- Brad Bournival, RecruitingNation
Some colleges like to fill their classes early, while some wait until the end to add superstars.
While high schools aren’t about recruiting kids to their programs, the art of getting one of their stars to commit is as much a plan as is the team’s playbook.
Some, like Cleveland Glenville’s Ted Ginn Sr., want their kids to wait until the bitter end. Others like Fort Worth (Texas) All Saints Episcopal coach Aaron Beck, prefer things to be done early.
Some, like Mentor (Ohio) coach Steve Trivisonno, prefer it early, but understand the importance of the decision.
Then there are those like Detroit Cass Tech’s Thomas Wilcher, who has had standouts commit at all points of the recruiting process.
Offensive guard Marcelys Jones is the albatross for the Tarblooders. He committed to Ohio State on Christmas.
But most at Glenville wait. Schools like Ohio State, which gets a good share of Ginn’s stars, know that and they all accept it.
“The kids need to experience it all,” Ginn said. “They need to take a look at everybody. A lot of the kids that commit early, no one is excited for them on signing day.
“By experience, I mean taking visits and seeing other schools. A lot of times kids commit early, someone else likes them later and it might be a place they really wanted to go to. We try to do the right thing for the program.”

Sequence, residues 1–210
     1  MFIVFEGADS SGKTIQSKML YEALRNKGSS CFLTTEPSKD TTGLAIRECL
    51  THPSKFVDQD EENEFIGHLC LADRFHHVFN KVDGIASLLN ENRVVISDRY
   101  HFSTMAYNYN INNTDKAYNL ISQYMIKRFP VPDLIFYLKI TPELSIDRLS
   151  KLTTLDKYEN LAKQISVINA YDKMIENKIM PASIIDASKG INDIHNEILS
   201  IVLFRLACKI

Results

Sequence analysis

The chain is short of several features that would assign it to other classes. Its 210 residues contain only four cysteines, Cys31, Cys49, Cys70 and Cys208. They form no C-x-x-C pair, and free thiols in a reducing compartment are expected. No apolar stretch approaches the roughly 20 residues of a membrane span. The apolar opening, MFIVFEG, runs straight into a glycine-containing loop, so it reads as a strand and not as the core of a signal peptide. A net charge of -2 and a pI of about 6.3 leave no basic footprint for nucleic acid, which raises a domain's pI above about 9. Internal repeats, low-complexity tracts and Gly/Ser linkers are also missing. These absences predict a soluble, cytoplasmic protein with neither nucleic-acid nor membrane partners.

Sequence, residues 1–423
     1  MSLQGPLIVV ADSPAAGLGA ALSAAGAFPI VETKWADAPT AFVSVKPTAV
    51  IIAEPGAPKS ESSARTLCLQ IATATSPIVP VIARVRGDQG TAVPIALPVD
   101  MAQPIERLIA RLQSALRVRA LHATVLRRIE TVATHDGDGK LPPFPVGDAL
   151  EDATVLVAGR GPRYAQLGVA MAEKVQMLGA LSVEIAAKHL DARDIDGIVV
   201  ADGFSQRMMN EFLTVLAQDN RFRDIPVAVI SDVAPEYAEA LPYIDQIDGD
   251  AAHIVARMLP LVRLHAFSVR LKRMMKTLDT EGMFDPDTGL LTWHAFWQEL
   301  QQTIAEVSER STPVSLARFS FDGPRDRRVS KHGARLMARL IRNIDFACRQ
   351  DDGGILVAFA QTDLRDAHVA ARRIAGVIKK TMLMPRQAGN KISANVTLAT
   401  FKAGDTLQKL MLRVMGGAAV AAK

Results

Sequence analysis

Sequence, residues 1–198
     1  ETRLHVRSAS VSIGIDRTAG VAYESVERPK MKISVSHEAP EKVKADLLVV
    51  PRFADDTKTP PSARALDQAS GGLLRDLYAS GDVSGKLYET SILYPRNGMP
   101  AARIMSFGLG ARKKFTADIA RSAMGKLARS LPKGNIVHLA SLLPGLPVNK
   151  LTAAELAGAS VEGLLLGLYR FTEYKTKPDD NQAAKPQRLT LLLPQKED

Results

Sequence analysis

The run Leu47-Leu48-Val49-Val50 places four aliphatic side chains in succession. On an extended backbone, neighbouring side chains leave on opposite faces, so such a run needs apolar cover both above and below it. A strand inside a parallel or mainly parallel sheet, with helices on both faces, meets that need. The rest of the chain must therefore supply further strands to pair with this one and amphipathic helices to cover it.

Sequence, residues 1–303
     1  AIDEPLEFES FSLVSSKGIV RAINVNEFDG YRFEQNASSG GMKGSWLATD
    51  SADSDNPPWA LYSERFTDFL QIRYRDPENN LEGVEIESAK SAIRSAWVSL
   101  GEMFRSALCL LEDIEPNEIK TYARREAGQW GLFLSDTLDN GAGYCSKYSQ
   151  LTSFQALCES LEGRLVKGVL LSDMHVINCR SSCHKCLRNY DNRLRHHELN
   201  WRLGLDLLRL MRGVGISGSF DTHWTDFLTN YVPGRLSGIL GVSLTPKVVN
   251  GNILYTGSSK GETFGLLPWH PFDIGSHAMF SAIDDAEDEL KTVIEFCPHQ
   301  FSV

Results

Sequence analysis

By doing what is right, he means holding off on a commitment to help the young prospects in the program. The belief is if coach A comes out to see target B, he’ll notice recruit C, who happens to be a sophomore or junior.
The seasoned coach wants his kids concentrating only on their high school team during the season.
“When kids start getting recruited as a sophomore, this process gets to be cumbersome,” Beck said. “Especially for a guy like Demetrius who, I think could have gone to any school he wanted to go to. Six months ago it was, ‘Coach I want to commit at the Army All-America game.' Then it was 'I want to commit and get this over with.’”
All committed early in the process, all are happy with their choices.
“If you’re the kid that has every choice he wants, he can wait,” Trivisonno said. “The kid that could lose the scholarship is the one you have to worry about. It depends where you are in the pecking order.
“I don’t mind it early because they don’t have to worry about it. They’re done and can move on. Now, you can focus on what you need to, but it depends on the kid.”
For Wilcher, it depends on the situation. He wants his stars to commit when the iron is hot.
But more importantly, he wants the parents involved. Wilcher will add his opinion, but only when it’s necessary and when it’s needed.
He’s had countless athletes commit to Michigan, but has seen his stars give pledges to some of the biggest universities in the nation.
Wilcher also wants his kids to do their homework. While 2015 quarterback Jayru Campbell committed to Michigan State a full two years before he could step on campus, the standout has visited the Spartans at least six times before he made his pledge.
“The plan is commit while there’s love,” Wilcher said. “The most important thing for me is to have the kid go on campus and have his parents involved.
“That way when they commit, it is firm and they stay committed and they understand what it means. I want the kid to be happy and understand. A lot of time kids can get caught up in big plans.”
Some colleges like to fill their classes early, while some wait until the end to add superstars.While high schools aren’t about recruiting kids to their programs, the art of getting one of their stars to commit is as much a plan as is the team’s playbook.